Cathay Pacific confirmed that some of its A350s had experienced “to some extent cosmetic decline”. The issue has been fully investigated and there are no safety implications, it said.

Reports show that Lufthansa also found shells in October 2017, some of which covered more than a square meter.

Lufthansa said occasional cosmetic defects were fixed and safety was never compromised.


Paint has played an important branding and diplomatic role in the jet era, projecting the image of airlines and countries around the world. But a switch to new lightweight jets brought a hitch.

When Airbus launched the A350 15 years ago, it chose to follow Boeing’s new 787 by using carbon fiber instead of metal.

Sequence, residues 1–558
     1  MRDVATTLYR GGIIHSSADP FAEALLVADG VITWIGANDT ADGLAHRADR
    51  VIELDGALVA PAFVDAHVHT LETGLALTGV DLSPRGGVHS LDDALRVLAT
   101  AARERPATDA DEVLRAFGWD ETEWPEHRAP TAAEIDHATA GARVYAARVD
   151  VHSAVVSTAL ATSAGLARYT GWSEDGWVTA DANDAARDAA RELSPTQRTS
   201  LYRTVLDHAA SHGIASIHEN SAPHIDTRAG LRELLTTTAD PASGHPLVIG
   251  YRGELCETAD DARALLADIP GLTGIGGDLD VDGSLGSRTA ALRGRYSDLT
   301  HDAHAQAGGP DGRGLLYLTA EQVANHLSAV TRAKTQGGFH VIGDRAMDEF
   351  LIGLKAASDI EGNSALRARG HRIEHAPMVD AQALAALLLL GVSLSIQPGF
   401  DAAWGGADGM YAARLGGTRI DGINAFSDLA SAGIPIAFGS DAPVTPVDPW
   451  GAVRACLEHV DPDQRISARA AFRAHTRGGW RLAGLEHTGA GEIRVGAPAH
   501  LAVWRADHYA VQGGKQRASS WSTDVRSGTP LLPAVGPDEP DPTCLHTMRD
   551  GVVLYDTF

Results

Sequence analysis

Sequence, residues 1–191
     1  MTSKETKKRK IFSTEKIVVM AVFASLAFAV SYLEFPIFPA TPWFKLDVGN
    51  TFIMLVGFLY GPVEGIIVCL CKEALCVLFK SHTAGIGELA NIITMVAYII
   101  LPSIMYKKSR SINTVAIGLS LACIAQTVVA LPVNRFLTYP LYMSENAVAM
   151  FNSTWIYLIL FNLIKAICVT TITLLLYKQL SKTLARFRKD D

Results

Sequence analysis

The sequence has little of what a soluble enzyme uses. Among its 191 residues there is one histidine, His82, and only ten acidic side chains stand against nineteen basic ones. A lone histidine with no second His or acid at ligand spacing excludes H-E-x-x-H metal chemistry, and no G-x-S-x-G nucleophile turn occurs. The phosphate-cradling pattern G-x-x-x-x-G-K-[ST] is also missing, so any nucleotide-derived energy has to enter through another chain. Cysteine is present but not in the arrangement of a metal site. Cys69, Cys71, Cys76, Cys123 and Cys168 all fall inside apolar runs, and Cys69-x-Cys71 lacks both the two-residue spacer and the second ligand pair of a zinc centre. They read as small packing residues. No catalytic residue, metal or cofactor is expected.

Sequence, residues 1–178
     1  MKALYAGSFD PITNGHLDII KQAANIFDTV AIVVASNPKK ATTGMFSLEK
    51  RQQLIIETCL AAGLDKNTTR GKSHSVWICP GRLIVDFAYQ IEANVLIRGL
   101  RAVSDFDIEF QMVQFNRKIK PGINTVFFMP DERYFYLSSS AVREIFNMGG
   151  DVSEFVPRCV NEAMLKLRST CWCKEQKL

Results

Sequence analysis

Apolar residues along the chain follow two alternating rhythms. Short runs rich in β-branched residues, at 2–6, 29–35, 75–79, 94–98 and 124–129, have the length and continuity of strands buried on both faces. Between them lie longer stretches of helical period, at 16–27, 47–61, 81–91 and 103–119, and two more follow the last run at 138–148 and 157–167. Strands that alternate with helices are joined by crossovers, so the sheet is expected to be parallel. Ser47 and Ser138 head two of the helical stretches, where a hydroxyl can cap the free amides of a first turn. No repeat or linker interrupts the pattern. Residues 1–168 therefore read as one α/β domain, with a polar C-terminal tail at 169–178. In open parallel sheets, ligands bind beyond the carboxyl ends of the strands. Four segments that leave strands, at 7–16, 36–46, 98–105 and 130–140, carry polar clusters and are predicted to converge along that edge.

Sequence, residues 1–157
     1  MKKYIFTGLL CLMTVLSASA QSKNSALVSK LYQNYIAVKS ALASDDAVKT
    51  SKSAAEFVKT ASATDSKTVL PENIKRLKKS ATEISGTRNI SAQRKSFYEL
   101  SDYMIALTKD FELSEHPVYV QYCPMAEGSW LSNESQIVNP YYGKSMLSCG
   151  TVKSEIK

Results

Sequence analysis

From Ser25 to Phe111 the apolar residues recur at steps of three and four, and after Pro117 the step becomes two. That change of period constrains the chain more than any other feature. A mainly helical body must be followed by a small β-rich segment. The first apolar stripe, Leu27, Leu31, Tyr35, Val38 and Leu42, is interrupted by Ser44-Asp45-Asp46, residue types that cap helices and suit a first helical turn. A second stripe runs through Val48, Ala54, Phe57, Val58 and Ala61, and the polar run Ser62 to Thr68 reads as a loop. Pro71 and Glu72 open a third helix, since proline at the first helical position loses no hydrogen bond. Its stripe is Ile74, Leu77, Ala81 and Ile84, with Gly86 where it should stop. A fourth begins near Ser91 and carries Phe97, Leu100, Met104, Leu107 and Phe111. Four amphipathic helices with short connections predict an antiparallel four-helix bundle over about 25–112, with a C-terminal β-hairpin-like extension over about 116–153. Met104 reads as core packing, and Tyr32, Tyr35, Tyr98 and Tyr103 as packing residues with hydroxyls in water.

Experts say the lighter jets use less fuel but are harder to cover in a way that causes the paint to stick.

The new jets also require a layer of metal mesh to ward off lightning strikes, as carbon fiber is non-conductive.

Finally, unlike metal, carbon does not expand or contract as temperature changes. Still, paint does, resulting in a tug-of-war between plane and paint that can peel off over time.

Problems reported by Qatar Airways and some – though far from all – other A350 operators suggest this is happening sooner than expected, two people familiar with the design said.

The problem may have been compounded by the paint’s particularly weak adhesion to titanium rivets, she added.

Some industry experts have questioned whether other manufacturing defects also contributed to the problem.

Photos submitted to the bulletin board by Finnair in 2019 and seen by Reuters appear to show corroded or missing mesh known as Expanded Copper Foil. Finnair and Airbus declined to comment on the photos, but Airbus officials said the specific problem may have stemmed from an early production problem, which has since been resolved.